Thus, price level responses to monetary policy interventions in India shows that inflation-interest rate relationship definitely is not in accordance with Dr. Mohanty’s predictions. Monetary policy interventions continue to be random experiments in the application side. In essence, the high policy rate pursued by the RBI since the last two years has killed growth without killing inflation. The economy has entered into a stagflation phase.  

          Prof. Mohanty need not be blamed for the failure of the VAR predictions to explain the non-responsiveness of inflation to interest rate hike. Monetary policy models at best remains approximations than accurate forecasters. The reason why inflation continues to be unabated despite strong use of interest rate medicines is simple. The RBI fights inflation in a developed country format, disregarding demand supply relationships in India’s emerging country setting. About the failure of such models as well as its disutility, Prof. Stilglitz observes that the models on which the central banks rely haven’t given than the prominence that they should.  For him, the belief of central banks that keeping inflation low was necessary and almost sufficient for stable and strong growth has been shown to be wrong.

          But the worst outcome of monetary policy implementation during the last three years is not just the decline growth produced by the RBI in its effort to contain inflation. Rather, it is the RBI’s inability to explain properly why inflation remains at high levels despite keeping interest rate high for a long term to depress demand and growth.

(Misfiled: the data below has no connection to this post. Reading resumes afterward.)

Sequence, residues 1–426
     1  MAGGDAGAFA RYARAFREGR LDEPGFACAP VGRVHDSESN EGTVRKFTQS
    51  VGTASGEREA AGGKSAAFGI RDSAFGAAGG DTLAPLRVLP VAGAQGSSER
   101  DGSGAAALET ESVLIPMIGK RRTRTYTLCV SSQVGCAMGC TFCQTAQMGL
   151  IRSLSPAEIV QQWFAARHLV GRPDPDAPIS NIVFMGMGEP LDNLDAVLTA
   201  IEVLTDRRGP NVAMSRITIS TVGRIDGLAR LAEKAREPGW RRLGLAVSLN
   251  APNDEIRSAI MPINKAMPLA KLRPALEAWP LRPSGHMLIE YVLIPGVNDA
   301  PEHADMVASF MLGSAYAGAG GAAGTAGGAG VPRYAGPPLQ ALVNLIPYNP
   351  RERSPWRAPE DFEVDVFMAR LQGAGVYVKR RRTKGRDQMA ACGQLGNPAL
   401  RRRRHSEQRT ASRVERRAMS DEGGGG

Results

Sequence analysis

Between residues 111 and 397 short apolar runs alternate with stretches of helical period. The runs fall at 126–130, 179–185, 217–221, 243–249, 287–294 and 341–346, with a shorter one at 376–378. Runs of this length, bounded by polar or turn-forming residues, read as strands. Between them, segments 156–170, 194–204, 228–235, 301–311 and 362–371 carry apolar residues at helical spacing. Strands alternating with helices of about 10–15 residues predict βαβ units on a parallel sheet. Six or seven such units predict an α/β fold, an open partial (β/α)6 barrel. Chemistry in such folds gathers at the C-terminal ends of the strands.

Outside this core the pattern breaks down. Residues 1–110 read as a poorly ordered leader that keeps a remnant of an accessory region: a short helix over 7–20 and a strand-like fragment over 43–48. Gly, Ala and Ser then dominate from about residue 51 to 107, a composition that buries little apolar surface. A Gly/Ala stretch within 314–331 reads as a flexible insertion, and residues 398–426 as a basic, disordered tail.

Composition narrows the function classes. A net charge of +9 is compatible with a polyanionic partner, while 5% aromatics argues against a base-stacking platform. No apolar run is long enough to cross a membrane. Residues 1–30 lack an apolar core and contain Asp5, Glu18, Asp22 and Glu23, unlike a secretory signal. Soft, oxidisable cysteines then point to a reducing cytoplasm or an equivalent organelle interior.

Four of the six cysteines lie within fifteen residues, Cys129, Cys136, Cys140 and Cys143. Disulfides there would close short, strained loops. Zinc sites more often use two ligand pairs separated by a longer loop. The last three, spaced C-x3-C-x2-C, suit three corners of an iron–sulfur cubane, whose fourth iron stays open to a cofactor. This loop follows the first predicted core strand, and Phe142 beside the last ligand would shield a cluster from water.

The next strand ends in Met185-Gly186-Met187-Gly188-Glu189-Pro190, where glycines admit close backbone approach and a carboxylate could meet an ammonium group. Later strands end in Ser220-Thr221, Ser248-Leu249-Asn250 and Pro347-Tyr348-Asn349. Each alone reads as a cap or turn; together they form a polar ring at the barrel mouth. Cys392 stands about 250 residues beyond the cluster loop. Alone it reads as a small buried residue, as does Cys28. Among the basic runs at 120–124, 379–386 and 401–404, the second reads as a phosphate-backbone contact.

The policy prescription from Prof. Stiglitz is very clear in the Indian context. Given the inability of the RBI to contain inflation, it should not be allowed to curtail growth limitlessly in the pretext of inflation fighting by continuing with the present high interest rate regime. His suggestion that central banks should broaden their objectives beyond inflation is very important to associate the otherwise price stability addicted central banks with fiscal authorities to revive the recession hit economies. Justifying the possibility of failure in inflation management, Stiglitz reminds that monetary policy is not a ‘technocratic matter’.  “While monetary policy is an effective instrument in containing output, it may be far less effective in stimulating the economy in deep downturn.”      

          Stieglitz’s speech provides a worthy message in framing macroeconomic policies to revive the economy in the post crisis phase. We should not continue to waste our time and effort for a policy which is yet to prove its authenticity scientifically in its fight against inflation. As per Stiglitz‘s warning, it appears that the costs of inflation control is like sands in the wheels of economic growth. Hence, we should stop the RBI in becoming an institution which blocks the economy travelling back to the growth track. For the time being, rather than inflation, growth is the priority. Stieglitz is correct and bold as he made his points at the right place and at the right time. Is somebody hearing?